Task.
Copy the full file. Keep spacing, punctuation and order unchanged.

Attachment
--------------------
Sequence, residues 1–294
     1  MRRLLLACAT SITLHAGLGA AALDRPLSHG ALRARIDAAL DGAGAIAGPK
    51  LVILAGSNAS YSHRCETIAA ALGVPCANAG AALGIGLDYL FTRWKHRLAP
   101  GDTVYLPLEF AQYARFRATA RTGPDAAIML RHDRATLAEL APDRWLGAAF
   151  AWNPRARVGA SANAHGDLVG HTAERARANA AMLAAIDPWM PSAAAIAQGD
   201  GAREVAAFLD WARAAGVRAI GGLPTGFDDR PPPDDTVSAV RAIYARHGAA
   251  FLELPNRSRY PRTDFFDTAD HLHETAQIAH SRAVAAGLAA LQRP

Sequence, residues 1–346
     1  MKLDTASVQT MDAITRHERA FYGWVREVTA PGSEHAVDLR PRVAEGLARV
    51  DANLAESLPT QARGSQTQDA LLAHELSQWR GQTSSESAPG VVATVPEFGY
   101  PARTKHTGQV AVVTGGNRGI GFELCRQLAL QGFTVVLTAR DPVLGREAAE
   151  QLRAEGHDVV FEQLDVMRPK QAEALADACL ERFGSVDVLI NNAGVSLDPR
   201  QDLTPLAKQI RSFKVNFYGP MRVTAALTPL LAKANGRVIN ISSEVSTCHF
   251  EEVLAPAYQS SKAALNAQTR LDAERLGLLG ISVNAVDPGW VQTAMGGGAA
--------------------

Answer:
Sequence, residues 1–294
     1  MRRLLLACAT SITLHAGLGA AALDRPLSHG ALRARIDAAL DGAGAIAGPK
    51  LVILAGSNAS YSHRCETIAA ALGVPCANAG AALGIGLDYL FTRWKHRLAP
   101  GDTVYLPLEF AQYARFRATA RTGPDAAIML RHDRATLAEL APDRWLGAAF
   151  AWNPRARVGA SANAHGDLVG HTAERARANA AMLAAIDPWM PSAAAIAQGD
   201  GAREVAAFLD WARAAGVRAI GGLPTGFDDR PPPDDTVSAV RAIYARHGAA
   251  FLELPNRSRY PRTDFFDTAD HLHETAQIAH SRAVAAGLAA LQRP

Sequence, residues 1–346
     1  MKLDTASVQT MDAITRHERA FYGWVREVTA PGSEHAVDLR PRVAEGLARV
    51  DANLAESLPT QARGSQTQDA LLAHELSQWR GQTSSESAPG VVATVPEFGY
   101  PARTKHTGQV AVVTGGNRGI GFELCRQLAL QGFTVVLTAR DPVLGREAAE
   151  QLRAEGHDVV FEQLDVMRPK QAEALADACL ERFGSVDVLI NNAGVSLDPR
   201  QDLTPLAKQI RSFKVNFYGP MRVTAALTPL LAKANGRVIN ISSEVSTCHF
   251  EEVLAPAYQS SKAALNAQTR LDAERLGLLG ISVNAVDPGW VQTAMGGGAA